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6. In a following chapter: But what need can there 'be that I should mention any more by name, or recount the ' vast number of the persons, or describe the various tor'ments of the admirable martyrs of Christ? But some were 'beheaded, as it happened to those in Arabia; others had 'their legs broken, as it happened to those in Cappadocia. 'Some were hung up on high with their heads downwards,

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and a slow fire being put under them, they were suffocated by the smoke of that combustible matter; which was the case ' of those in Mesopotamia. Others had their noses or their 'ears and their hands cut off, and the other members and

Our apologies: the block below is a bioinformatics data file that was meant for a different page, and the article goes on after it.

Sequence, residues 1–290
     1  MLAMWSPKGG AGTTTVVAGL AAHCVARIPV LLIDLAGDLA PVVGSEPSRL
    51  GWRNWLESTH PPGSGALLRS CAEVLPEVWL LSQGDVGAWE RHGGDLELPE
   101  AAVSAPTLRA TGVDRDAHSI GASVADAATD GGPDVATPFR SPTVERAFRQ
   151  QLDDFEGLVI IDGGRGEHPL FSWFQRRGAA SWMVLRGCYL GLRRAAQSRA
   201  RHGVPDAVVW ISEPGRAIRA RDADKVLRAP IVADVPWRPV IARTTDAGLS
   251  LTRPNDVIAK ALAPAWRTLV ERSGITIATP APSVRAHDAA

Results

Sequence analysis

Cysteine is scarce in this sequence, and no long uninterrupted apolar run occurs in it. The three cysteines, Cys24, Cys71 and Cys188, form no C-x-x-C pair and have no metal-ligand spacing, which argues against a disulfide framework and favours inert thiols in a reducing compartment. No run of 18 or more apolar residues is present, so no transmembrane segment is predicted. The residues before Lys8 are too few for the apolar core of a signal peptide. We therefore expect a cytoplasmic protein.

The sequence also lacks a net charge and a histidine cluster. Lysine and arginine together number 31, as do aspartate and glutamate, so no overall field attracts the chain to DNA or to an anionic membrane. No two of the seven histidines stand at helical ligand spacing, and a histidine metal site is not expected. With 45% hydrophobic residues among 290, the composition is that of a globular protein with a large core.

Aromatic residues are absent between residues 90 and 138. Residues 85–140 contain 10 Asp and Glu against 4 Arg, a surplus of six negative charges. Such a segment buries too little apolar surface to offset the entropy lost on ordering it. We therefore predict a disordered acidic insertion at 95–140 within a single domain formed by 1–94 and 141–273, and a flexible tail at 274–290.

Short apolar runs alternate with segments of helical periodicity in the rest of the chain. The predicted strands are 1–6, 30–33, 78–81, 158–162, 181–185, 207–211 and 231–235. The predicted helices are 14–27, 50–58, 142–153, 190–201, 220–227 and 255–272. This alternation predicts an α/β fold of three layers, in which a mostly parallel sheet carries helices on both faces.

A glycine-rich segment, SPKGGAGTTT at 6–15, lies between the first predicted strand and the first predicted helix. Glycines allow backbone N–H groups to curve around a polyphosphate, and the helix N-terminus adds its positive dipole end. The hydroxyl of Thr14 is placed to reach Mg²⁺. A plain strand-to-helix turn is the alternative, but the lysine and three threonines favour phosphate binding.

parts of their bodies mangled, as it happened to those in Alexandria. What need I to revive the remembrance of what was done at Antioch; where some were broiled on 'gridirons, not to kill them outright, but to prolong the pains of their sufferings?'

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These things were done at Antioch; but to hear what was done at Pontus must fill the mind with horror. Some had sharp reeds thrust up the fingers of both their hands. from the tops of their nails; others had melted lead poured upon their backs, whilst it was boiling, which ran down ' and scalded the most necessary parts of the body: others, ' without commiseration, were made to endure obscene tor⚫tures in their bowels, and those members of the body which Cap. 12. p. 305.